Changes and continuities in gender norms also arise through Bing's role conflict in fulfilling some of the tasks of a “traditional daughter-in-law” (negotiating with his mother about child-rearing and discipline) while simultaneously occupying the position of a son and father (a position that, in his mind, entitles him to respect). Bing is not alone in finding himself without a clear script for intergenerational relations, ordinarily predicated on a heteronormative and patriarchal family model. One aspect of male privilege within this model is the access and entitlement to women's labor. Most gay men in my research did not give this up completely but continued to rely on female relatives, including for childcare support. At the same time, fathers who were not married or who were transactionally married like Bing did at least some of the work that straight men typically allocate to women.13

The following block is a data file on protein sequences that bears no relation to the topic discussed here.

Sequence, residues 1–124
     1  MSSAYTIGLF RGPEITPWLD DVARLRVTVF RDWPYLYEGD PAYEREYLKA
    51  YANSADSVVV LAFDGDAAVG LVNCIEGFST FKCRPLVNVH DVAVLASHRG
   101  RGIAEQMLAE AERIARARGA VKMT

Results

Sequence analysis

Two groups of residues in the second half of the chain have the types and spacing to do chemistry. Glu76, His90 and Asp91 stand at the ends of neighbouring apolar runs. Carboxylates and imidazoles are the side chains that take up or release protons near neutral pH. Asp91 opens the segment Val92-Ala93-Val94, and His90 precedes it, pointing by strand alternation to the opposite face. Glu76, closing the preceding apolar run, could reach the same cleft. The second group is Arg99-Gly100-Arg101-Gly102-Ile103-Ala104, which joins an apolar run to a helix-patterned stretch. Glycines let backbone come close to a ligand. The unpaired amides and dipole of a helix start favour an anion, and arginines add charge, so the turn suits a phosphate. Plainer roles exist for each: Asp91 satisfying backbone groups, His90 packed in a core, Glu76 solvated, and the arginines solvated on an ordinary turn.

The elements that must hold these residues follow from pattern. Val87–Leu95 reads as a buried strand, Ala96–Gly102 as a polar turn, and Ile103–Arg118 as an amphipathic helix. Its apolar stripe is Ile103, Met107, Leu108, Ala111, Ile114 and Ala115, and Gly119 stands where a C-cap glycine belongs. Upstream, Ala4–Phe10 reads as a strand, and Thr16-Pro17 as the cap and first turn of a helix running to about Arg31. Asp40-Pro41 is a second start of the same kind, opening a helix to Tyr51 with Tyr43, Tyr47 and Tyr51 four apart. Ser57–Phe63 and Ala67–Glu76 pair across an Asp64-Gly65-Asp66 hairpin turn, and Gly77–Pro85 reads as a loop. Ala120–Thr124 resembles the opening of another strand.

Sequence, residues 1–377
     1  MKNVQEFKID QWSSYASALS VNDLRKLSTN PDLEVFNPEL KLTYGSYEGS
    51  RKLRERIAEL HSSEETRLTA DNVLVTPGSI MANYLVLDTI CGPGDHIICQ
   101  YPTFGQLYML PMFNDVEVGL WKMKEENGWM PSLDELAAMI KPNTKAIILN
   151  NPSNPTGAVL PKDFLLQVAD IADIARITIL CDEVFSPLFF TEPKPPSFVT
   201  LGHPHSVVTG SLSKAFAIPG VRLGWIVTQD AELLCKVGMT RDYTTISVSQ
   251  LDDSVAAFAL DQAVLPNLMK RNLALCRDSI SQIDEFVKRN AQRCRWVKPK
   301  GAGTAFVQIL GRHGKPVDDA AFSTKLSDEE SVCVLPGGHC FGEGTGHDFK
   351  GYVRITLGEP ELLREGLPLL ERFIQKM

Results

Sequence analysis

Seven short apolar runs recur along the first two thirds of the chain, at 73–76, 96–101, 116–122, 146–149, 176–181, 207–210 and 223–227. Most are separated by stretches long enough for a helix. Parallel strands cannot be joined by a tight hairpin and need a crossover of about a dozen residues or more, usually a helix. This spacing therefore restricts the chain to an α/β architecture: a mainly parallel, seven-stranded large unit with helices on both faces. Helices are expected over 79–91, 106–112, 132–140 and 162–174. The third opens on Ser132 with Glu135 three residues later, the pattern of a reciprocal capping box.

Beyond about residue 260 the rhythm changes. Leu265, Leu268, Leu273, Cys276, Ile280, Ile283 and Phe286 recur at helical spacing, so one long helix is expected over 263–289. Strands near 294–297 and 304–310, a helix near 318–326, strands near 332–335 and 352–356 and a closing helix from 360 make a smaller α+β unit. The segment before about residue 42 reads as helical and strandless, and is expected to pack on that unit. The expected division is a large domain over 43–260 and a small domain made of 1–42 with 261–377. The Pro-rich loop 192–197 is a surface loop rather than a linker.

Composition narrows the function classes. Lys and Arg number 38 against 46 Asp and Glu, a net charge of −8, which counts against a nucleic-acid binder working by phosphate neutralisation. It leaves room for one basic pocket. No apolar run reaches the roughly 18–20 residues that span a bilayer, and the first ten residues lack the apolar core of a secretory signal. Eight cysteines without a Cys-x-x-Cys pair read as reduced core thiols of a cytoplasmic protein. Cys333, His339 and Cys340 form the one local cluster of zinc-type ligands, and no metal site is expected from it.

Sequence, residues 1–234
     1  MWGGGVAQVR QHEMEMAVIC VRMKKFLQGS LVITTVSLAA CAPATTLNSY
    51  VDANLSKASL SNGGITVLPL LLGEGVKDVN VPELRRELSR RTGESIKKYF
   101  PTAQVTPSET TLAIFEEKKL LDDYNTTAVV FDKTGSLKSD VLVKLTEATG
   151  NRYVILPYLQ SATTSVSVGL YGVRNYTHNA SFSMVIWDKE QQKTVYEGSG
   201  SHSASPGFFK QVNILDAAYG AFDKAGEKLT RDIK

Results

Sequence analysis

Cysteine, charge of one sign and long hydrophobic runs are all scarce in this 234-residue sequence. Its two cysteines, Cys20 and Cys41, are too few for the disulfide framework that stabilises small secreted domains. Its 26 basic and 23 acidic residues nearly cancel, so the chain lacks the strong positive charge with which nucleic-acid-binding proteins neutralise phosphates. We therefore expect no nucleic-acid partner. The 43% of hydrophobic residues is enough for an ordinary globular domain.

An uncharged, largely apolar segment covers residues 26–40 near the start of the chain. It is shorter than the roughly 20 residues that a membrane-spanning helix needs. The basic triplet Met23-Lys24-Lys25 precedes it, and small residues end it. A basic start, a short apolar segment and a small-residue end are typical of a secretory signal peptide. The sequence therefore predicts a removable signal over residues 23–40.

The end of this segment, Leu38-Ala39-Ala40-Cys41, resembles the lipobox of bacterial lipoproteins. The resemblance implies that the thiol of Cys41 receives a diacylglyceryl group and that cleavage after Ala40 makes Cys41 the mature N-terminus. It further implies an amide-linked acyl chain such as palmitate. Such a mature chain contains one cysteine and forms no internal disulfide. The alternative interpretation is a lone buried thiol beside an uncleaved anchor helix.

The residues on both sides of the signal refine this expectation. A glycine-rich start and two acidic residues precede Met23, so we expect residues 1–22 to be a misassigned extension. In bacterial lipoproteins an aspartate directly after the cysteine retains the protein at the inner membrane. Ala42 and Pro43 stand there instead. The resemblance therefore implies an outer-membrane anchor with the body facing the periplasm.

Queer single mothers also face penalties as they provide and care for their children, often without the social and familial support that men enjoy. These mothers are less likely to own a home, more likely to move frequently and to report periods of economic hardship, and more burdened by social stigma (Brainer 2019; Chen 2006; Yang 2008). In many regards, the difficulties these mothers articulate are similar to those of heterosexual women who raise children out of wedlock or after divorce. But queer mothers cope with added obstacles, including discrimination at work and in family life and legal barriers to merging families with a new partner in the future. Queer divorcées may be characterized as unfit mothers and risk losing custody of their children if their same-sex relationships are discovered and not supported. Non-gestational mothers who separate from their women partners may lose all ties to their children (consider what would happen, for example, if Lu and Betty were to break up). Gestational mothers exiting a same-sex relationship have no recourse for child support or other benefits in a welfare system designed around heterosexual marriage. The compounded challenges of gender- and sexuality-based discrimination place queer single mothers in an especially precarious position.